Personally, I think we need a bit of that in cycling, and particularly in women's professional cycling. Cycling fans marvel on social media over who they believe to be the GOAT (greatest of all time) - be it Marianne Vos or Annemiek Van Vleuten in the modern era, Beryl Burton from the vintage times, or Jeannie Longo if they want to go for a controversial choice. Whoever your don't want athletes who when they are interviewed are just a bit too.....I dare say, "ordinary"! Many of these athletes just talk about their racing, their calendar, their strategy, and they will have been media-prepped to not stray off that line. That's all well and good for the purist fan. But a sport cannot live on purists alone. There needs to be an extra dimension that can attract a wider audience and give a wow factor - or at least a story that chimes with observers.

Marianne Vos, for many the GOAT

Recently, a camera crew on the famous Koppenberg climb on the route of the Tour of Flanders, asked a group of women riders to move out of the way so that they could film one of the top men's teams doing their training ride over the cobbles. 

The camera crew failed to recognise that among the women they budged out was a certain Lotte Kopecky - defending champion of the race, a native of Flanders (voted Flandrian of the Year) as well as being winner of other classics like Het Nieuwsblad and Strade Bianche, plus a multiple World and European Track cycling champion. 

I previously wrote an article in Rouleur magazine about a big sporting rivalry in the 1980s - not Borg and McEnroe, but Longo and Canins. Two of the best women riders of that era, who dominated the erstwhile Tour de France Feminin. Jeannie Longo was a former Alpine skier from the French Alps, while Maria Canins was a former cross country skier from the Italian Dolomites. A young firebrand demoiselle against la mamma volante (on account of her juggling her racing with being a mother). This rivalry filled column inches of the sports pages and garnered curious as well as dedicated fans to support team Longo or team Canins. Both women have reminisced whimsically about those days when they had their faces plastered on the front of popular sports newspapers like Gazzetto dello Sport or L'Equipe. Longo also appeared on sports shows on French television.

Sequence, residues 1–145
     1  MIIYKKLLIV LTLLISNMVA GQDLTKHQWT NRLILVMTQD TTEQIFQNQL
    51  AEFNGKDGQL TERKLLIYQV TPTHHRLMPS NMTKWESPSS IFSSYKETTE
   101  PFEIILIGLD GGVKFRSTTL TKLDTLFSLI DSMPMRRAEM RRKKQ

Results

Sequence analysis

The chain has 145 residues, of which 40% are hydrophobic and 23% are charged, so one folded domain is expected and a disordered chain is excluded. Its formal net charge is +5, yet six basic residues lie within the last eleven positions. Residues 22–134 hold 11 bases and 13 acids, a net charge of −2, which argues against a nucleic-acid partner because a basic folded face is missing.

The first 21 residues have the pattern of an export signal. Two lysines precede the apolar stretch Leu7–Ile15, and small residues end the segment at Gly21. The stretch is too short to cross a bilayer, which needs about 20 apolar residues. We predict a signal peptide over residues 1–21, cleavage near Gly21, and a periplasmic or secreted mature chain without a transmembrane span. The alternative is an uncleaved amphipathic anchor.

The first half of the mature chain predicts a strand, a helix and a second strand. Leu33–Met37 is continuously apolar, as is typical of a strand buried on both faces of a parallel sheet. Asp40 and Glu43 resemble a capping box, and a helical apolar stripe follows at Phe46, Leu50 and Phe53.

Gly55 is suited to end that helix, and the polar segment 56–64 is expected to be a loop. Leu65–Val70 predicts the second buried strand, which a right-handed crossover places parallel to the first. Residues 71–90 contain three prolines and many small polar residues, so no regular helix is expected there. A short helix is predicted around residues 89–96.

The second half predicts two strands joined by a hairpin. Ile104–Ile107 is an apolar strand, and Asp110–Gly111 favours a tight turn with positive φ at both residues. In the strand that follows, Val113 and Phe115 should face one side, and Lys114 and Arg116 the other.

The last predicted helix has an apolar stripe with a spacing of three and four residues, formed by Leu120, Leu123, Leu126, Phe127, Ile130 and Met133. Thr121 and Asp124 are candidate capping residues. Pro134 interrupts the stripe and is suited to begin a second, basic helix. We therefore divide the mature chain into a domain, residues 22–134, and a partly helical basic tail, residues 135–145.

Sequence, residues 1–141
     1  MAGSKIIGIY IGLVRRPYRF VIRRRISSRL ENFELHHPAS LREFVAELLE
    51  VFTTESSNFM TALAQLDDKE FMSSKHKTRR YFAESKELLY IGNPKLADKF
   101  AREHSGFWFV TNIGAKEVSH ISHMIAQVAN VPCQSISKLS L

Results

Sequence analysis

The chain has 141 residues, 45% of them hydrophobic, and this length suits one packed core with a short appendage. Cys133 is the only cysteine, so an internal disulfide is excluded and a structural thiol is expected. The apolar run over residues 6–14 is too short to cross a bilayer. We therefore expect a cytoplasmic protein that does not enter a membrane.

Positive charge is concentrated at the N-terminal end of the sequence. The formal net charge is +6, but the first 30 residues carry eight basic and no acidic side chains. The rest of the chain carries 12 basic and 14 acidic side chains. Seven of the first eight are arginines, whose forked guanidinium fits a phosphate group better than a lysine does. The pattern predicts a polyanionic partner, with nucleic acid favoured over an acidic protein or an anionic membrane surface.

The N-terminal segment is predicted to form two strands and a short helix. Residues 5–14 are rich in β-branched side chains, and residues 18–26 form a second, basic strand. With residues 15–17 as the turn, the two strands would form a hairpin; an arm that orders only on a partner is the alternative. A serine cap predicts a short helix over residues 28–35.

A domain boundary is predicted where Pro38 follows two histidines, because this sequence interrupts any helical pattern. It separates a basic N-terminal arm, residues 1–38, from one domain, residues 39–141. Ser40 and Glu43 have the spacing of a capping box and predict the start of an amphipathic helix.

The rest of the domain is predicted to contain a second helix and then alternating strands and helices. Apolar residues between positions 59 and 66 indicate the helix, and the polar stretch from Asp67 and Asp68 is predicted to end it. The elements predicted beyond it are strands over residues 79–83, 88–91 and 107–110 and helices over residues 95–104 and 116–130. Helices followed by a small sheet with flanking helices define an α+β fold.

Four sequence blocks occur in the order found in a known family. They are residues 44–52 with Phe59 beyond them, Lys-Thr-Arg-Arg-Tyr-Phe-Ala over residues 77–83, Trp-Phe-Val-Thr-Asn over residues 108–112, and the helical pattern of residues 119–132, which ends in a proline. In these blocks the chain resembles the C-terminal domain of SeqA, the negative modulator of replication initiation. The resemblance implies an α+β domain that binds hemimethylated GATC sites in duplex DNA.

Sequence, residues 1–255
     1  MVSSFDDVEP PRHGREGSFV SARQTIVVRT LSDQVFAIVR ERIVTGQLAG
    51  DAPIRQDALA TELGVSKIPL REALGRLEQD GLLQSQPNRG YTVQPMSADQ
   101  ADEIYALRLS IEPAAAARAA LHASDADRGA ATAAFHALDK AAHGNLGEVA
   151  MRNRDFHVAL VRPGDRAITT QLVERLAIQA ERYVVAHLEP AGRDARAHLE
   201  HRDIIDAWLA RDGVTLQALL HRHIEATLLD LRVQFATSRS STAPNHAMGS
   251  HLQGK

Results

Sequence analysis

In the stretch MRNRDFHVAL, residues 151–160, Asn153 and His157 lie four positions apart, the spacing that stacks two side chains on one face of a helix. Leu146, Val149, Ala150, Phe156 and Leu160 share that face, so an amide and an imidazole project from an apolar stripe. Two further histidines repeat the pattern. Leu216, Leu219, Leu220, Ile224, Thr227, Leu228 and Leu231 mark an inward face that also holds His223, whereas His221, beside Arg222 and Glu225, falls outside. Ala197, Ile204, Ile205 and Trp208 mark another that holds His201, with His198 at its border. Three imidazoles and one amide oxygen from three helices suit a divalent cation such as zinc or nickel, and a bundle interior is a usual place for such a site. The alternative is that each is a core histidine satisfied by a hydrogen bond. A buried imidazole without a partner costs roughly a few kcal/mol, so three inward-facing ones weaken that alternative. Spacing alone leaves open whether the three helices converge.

Everybody loves a story - where is it? We need it! 

Among the sea of women's teams today, a couple of frontrunners have emerged in the race for World Tour supremacy, with both teams having a clutch of World and National Champions in their fold. I'm talking about Trek-Segafredo and SD Worx. Wouldn't things be spiced up if we had a Manchester City v Arsenal type rivalry going on?

While there are quite a few riders who have shown true grit on the road, there don't seem to be any real characters that do acts that go beyond sport. Cecilie Uttrup Ludwig's trademark effusive post-race interviews attract interest and have brought her a significant following, and a comparatively less well-known Canadian, Alison Jackson - the surprise winner of Paris-Roubaix Femmes - got people talking as much about her sporting achievement as for her post-race dances on social media. But it seems to be limited to that. Let's hope Alison wins a few more races.

In short, we see some great racing in the women's game and there are some outstanding riders. But we could do with more characters and back-stories to make the sport. That's what garners a wider interest than just pure sport, and what brings more eyeballs, and hence increasing TV deals, and sponsorship. We all want to see our favourite sport on television, but clearly given the costs of televising a sport event, there needs to be something in it for the organisers who would sell the rights, and the broadcast companies who purchase the rights, and ultimately the sponsors and advertisers who are hoping to get the visibility and the returns. 

There needs to be solid evidence that loads of people will watch the event on TV. The Tour de France Femmes last year was deemed a success in terms of viewing figures which is great, but that scenario needs to be replicated again and again across the collection of big races in the racing calendar. As annoying as it may be that a women's cycle race isn't shown on terrestrial TV, it has to be kept in mind that it's an ambitious expectation to see a race televised if viewing figures are measured in the thousands - which is not uncommon for some World Tour races -  rather than in the millions.